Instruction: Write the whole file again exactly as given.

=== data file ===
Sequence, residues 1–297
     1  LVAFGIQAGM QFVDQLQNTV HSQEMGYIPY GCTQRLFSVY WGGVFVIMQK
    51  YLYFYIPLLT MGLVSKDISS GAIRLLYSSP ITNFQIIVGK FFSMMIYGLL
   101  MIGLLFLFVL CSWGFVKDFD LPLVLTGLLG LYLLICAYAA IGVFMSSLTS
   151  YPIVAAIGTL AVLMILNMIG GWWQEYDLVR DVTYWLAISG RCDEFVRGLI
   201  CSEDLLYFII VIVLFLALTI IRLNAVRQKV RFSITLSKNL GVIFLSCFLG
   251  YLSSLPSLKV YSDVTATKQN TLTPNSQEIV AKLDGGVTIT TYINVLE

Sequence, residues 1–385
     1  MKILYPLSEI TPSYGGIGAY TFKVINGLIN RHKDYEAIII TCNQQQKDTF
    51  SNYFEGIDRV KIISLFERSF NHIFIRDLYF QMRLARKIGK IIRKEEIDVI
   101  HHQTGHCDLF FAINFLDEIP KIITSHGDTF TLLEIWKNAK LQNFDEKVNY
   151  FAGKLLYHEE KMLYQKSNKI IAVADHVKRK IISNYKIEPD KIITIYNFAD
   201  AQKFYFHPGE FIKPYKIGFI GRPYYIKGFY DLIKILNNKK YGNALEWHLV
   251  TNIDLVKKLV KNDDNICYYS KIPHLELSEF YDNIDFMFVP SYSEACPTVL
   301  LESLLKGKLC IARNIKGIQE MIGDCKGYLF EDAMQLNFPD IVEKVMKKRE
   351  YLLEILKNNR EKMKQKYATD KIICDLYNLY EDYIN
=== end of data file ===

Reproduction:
Sequence, residues 1–297
     1  LVAFGIQAGM QFVDQLQNTV HSQEMGYIPY GCTQRLFSVY WGGVFVIMQK
    51  YLYFYIPLLT MGLVSKDISS GAIRLLYSSP ITNFQIIVGK FFSMMIYGLL
   101  MIGLLFLFVL CSWGFVKDFD LPLVLTGLLG LYLLICAYAA IGVFMSSLTS
   151  YPIVAAIGTL AVLMILNMIG GWWQEYDLVR DVTYWLAISG RCDEFVRGLI
   201  CSEDLLYFII VIVLFLALTI IRLNAVRQKV RFSITLSKNL GVIFLSCFLG
   251  YLSSLPSLKV YSDVTATKQN TLTPNSQEIV AKLDGGVTIT TYINVLE

Sequence, residues 1–385
     1  MKILYPLSEI TPSYGGIGAY TFKVINGLIN RHKDYEAIII TCNQQQKDTF
    51  SNYFEGIDRV KIISLFERSF NHIFIRDLYF QMRLARKIGK IIRKEEIDVI
   101  HHQTGHCDLF FAINFLDEIP KIITSHGDTF TLLEIWKNAK LQNFDEKVNY
   151  FAGKLLYHEE KMLYQKSNKI IAVADHVKRK IISNYKIEPD KIITIYNFAD
   201  AQKFYFHPGE FIKPYKIGFI GRPYYIKGFY DLIKILNNKK YGNALEWHLV
   251  TNIDLVKKLV KNDDNICYYS KIPHLELSEF YDNIDFMFVP SYSEACPTVL
   301  LESLLKGKLC IARNIKGIQE MIGDCKGYLF EDAMQLNFPD IVEKVMKKRE
   351  YLLEILKNNR EKMKQKYATD KIICDLYNLY EDYIN